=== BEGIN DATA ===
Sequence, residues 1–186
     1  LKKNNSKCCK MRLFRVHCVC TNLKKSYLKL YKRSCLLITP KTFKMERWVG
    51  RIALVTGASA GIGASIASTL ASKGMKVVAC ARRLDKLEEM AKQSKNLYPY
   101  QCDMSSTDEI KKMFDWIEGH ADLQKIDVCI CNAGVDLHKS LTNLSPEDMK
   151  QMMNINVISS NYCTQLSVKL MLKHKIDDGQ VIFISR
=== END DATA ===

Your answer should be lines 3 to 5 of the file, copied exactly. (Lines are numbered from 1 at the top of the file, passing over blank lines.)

    51  RIALVTGASA GIGASIASTL ASKGMKVVAC ARRLDKLEEM AKQSKNLYPY
   101  QCDMSSTDEI KKMFDWIEGH ADLQKIDVCI CNAGVDLHKS LTNLSPEDMK
   151  QMMNINVISS NYCTQLSVKL MLKHKIDDGQ VIFISR